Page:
They didn’t realise it but I was cleansing their soul to make their forgiveness more attainable.
Many were confused and walked away when I held back the flowers and asked them to forgive me for a lie I had told or a homeless person I had ignored or a fake personality I had assumed for benefit fraud. But sometimes they understood entirely and interacted with the art, such as in the following exchange:
Customer: Hi can I have the geraniums please?
Me: Forgive me, I don’t know which are the geraniums.
Customer: They’re those ones near your foot.
Me: Are you saying you forgive me for not knowing?
Customer: Uhhh… sure.
Me: Then take the Geraniums my friend, they are yours.
Customer: No these are daisies.
In conclusion, I learnt that if Robert Green were to answer my email asking him to forgive me for not bothering to walk my diet coke can up to the recycling bin then he would probably find the press a little lighter on the jokes about his ball dropping issue (which made me think about the issue of when boys reach puberty).
This is a wonderful moment in not just South Africa’s history but also Africa’s. It is time for them to make the world forget the stereotypes and generalisations of this beautiful and diverse continent.
When this tournament is over we will all know so much more about this land and its people and no longer pigeonhole it with the two dimensional imagery of safaris, deserts and lions that we have always lazily called upon.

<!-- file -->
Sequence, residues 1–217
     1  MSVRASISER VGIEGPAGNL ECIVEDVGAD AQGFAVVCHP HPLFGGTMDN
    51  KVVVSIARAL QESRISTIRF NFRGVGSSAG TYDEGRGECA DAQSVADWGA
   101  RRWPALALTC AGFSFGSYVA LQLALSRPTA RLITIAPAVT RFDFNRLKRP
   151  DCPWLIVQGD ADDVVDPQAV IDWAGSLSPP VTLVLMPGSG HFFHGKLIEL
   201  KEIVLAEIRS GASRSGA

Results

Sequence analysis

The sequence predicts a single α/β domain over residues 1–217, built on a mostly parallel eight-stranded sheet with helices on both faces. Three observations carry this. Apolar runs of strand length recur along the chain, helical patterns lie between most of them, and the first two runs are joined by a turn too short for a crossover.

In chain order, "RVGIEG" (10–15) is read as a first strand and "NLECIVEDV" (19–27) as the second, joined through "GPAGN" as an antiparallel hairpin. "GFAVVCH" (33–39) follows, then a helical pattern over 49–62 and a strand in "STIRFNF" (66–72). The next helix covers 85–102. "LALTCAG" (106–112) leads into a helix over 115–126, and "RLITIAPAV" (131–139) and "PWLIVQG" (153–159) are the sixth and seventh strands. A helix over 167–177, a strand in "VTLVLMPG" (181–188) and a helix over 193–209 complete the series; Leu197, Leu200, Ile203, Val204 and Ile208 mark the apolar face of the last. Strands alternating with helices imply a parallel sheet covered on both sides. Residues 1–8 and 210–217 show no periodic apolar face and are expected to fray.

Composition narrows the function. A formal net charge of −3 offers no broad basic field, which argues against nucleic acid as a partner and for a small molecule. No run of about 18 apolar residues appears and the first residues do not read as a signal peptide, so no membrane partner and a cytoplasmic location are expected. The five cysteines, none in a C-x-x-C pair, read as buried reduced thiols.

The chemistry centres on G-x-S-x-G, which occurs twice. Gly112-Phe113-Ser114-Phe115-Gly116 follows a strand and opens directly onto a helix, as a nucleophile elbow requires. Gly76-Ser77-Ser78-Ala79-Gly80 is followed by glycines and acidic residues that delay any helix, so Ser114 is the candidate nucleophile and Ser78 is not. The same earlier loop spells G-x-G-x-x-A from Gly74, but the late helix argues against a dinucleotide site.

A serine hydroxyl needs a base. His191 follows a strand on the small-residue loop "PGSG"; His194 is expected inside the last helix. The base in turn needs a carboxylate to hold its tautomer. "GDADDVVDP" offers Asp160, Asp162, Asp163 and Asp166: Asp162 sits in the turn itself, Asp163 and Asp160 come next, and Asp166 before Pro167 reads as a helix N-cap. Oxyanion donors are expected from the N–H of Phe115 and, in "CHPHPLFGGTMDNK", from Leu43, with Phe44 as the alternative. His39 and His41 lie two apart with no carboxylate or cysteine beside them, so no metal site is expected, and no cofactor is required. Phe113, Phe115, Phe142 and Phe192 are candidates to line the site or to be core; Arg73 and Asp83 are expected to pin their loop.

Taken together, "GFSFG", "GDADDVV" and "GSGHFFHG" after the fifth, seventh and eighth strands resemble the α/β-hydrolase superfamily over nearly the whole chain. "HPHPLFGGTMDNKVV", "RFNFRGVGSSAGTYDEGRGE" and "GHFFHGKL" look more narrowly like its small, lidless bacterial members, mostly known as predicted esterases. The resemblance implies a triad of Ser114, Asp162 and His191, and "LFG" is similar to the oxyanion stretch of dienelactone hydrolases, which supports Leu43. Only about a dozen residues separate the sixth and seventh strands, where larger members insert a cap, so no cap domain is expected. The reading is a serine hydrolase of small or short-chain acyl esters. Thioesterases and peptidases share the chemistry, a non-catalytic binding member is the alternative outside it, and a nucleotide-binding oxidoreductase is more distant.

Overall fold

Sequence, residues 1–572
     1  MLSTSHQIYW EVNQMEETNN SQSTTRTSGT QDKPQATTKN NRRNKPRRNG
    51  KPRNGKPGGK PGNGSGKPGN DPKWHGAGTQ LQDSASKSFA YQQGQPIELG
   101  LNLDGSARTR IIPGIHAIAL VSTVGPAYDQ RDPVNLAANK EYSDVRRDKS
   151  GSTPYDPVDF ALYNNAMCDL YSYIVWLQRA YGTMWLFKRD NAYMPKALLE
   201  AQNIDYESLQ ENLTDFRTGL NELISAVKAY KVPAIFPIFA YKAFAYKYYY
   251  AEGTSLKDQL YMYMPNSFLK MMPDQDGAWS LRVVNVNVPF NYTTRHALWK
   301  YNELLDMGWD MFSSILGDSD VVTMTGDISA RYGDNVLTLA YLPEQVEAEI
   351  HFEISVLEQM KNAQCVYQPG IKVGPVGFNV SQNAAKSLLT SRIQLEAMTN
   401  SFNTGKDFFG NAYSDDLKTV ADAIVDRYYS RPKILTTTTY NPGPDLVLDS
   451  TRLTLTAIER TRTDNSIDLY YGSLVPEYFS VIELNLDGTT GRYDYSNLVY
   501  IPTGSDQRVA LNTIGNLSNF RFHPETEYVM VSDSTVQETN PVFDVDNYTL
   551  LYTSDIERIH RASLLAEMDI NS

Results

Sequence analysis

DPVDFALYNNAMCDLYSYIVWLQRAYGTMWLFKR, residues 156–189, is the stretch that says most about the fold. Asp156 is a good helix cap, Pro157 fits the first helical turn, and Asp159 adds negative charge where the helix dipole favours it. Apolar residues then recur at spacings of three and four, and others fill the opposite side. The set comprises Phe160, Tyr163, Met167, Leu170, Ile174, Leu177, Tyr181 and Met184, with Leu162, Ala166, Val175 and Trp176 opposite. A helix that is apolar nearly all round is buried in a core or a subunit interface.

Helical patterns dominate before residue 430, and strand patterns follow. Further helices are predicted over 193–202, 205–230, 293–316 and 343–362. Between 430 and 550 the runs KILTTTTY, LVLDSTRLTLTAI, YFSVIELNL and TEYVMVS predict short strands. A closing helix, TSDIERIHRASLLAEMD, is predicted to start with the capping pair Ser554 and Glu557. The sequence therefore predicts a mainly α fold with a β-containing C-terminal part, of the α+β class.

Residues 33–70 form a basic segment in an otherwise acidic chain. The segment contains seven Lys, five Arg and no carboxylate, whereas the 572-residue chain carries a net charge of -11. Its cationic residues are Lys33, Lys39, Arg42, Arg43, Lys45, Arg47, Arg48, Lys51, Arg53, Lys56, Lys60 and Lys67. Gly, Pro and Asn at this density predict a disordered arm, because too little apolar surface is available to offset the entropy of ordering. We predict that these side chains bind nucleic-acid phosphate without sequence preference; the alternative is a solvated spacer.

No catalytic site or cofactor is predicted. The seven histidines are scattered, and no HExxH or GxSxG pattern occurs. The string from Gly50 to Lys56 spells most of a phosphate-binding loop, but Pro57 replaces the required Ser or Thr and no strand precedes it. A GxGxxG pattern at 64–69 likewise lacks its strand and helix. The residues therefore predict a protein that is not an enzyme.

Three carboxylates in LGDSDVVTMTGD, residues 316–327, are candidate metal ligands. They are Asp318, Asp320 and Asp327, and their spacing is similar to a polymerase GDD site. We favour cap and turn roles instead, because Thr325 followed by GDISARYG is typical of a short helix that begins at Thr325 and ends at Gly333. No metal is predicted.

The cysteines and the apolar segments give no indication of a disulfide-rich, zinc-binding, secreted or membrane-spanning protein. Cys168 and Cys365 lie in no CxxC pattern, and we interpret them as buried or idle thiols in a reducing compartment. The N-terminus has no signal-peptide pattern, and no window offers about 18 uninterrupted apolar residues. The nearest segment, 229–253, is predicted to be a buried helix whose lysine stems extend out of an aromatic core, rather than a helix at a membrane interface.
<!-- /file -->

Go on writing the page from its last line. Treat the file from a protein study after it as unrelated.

I felt I was well positioned to help portray the modern Africa, due to my ability to immediately see to the heart of an issue and discard all media-informed assumptions. I wanted to pay tribute to this great and courageous risk they are taking in order to present the new Africa to the world because ‘sometimes you have to be like a giraffe and stick your neck out to get what you want’. These wise words came to me as I once again remembered the wisdom of Mufasa , the Lion King, a great leader and a great man. So I have sculpted Mufasa here as inspiration for the great continent as they strive to make us see the real Africa.
I then thought about how South Africa must battle the many doubters who have questioned their preparedness. I wanted to tell South Africa to keep their confidence, because ‘If you doubt yourself, others will doubt you too’. This advice was originally said, I believe, by Mufasa the Lion King, who I have sculpted below to remind South Africa to stand strong.
But in the end, I know South Africa will be fine, even without my art. They are going to give us not only a wonderful and enjoyable World Cup but a completely unique one.The world is about to be blown away by the many sides to this great continent we never imagined existed and it will never again be merely a place of legend and half remembered childhood stories to us.
This is going to be a World Cup unlike any other and they are going to do it their own way because, as someone once said, ‘No lion ever became great by being a copycat’. I forget who it was but I have sculpted a lion here as a reminder of these words. Obviously I realise there is more to Africa then lions but I figured just one couldn’t hurt.